Cahiers’ writers eschewed the “tradition of quality” of middle-brow adaptations of classic French literary sources. In preferring American entertainment, Cahiers also did battle against the left, in particular the revered Communist critic Georges Sadoul. In the same vein, Cahiers may have polemicised for the worth of popular culture; but it did so by placing Hollywood directors in a realm of personal genius beyond the concerns of political struggle.

This self-imposed isolation from politics did not last, as first the tremors of the Algerian war and eventually the explosion of May 1968 inspired in Cahiers a full engagement with the upheavals of the time. Simultaneously, Cahiers’ initial staff of writers—the “Young Turks” that included François Truffaut, Jean-Luc Godard, and Jacques Rivette—themselves became filmmakers. The “New Wave” that they constituted was part of the project begun at Cahiers: a youthfully enthusiastic and critical engagement of film and its formal possibilities. Just as a more radical attitude to society emerged in the 1960s, so an international art cinema of experimentation and avant-gardism demanded critical interest in the wake of classical Hollywood’s decline.

Cahiers developed its intellectual range throughout the 1960s to include the structuralism of Claude Lévi-Strauss and Roland Barthes, and later the psychoanalysis of Jacques Lacan and the variant of Marxism offered by Louis Althusser. Under the new editorship of Jean-Louis Comolli and Jean Narboni, the post-1968 Cahiers determined to uncover the ideological operations of film form, using Costa-Gavras’s Z, the radical classic of the day, as an example of a film whose stated radicalism was betrayed by its formal conventionality. As stated in the 1969 editorial “Cinema/Ideology/Criticism”, works that did not formally innovate by disrupting conventional cinema’s illusion of a self-contained fictional world were not truly at the vanguard.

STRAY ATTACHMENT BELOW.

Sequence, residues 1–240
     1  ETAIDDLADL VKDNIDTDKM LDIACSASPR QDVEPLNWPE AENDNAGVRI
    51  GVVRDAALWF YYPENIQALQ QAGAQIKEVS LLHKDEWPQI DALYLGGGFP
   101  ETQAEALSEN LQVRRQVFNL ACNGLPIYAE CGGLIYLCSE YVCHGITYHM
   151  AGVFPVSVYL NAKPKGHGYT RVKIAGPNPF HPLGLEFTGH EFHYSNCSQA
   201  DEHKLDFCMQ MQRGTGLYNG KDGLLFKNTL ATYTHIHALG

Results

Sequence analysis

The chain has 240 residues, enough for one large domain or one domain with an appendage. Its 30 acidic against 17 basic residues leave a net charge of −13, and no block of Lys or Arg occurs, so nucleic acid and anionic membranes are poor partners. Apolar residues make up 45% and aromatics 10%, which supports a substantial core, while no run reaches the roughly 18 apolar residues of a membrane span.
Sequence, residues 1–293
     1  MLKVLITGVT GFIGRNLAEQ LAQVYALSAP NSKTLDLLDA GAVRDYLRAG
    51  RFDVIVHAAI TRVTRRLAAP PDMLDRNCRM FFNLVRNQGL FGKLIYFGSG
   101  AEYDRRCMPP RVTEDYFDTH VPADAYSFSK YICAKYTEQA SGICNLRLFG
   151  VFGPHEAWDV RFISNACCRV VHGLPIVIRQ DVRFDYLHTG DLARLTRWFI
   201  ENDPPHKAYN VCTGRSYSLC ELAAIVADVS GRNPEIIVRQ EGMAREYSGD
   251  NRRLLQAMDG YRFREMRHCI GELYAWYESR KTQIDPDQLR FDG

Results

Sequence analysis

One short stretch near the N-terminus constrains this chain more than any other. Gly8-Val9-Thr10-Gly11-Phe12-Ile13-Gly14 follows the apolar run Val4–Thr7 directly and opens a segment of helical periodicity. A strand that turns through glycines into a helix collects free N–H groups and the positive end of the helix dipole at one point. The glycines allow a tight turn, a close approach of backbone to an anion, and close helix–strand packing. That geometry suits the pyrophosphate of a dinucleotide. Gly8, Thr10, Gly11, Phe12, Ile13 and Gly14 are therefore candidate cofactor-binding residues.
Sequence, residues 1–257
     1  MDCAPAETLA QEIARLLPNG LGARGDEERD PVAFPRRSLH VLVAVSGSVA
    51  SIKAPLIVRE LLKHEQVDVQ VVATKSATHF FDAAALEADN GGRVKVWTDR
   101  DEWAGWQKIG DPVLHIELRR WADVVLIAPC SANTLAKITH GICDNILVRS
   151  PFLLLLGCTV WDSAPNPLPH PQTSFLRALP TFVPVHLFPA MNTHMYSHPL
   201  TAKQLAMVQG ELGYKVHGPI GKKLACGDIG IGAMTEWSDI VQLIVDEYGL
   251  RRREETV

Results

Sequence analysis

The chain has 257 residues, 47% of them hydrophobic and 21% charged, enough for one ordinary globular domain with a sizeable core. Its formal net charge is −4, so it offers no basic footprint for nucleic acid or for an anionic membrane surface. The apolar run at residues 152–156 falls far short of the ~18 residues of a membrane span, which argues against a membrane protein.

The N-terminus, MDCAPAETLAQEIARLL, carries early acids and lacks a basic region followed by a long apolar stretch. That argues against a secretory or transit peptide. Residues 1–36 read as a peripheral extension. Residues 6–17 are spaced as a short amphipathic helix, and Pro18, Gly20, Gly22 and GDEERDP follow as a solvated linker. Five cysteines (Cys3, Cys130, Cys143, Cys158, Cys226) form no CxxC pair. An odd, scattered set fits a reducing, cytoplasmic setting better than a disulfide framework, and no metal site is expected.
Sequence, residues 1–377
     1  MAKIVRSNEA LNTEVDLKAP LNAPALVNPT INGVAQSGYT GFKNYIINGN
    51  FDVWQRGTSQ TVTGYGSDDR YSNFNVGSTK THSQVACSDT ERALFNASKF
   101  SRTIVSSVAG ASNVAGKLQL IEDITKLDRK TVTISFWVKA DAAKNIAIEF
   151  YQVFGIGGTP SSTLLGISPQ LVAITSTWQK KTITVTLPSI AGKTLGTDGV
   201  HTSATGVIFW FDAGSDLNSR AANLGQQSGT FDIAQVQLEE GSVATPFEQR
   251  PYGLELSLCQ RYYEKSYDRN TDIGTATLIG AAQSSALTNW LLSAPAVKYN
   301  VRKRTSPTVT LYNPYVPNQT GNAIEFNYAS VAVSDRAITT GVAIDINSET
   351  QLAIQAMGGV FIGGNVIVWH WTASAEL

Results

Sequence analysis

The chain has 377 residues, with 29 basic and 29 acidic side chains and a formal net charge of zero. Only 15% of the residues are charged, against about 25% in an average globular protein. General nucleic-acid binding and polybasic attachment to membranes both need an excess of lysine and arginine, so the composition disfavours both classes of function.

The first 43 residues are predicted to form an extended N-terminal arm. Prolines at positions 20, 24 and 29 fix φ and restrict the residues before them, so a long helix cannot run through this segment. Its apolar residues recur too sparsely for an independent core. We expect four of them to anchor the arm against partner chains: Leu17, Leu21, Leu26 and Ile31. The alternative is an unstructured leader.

Such criticism offers a kind of base/superstructure relationship in which the attitudes expressed in a film are more superficial than the determining factor of the form in which they are expressed. Such determinism, in line with the intellectual inspiration of Althusser, transformed Cahiers into a journal for the few who wished to eschew cinematic pleasure (and to penetrate the forbidding obscurity of Cahiers’ language). Briefly aligning itself with Maoism, by 1973 Cahiers saw its role as taking radical filmmaking to the masses. In this it failed, and having abandoned actual film criticism by the mid-1970s it had also lost its public readership. After some rejuvenation in “the Daney years” (1974-81, named by Bickerton after co-editor Serge Daney), when Cahiers allowed an eclecticism of intellectual approaches, Cahiers turned to the mass market, celebrating mainstream films and stars in a manner indistinguishable from any other film glossy.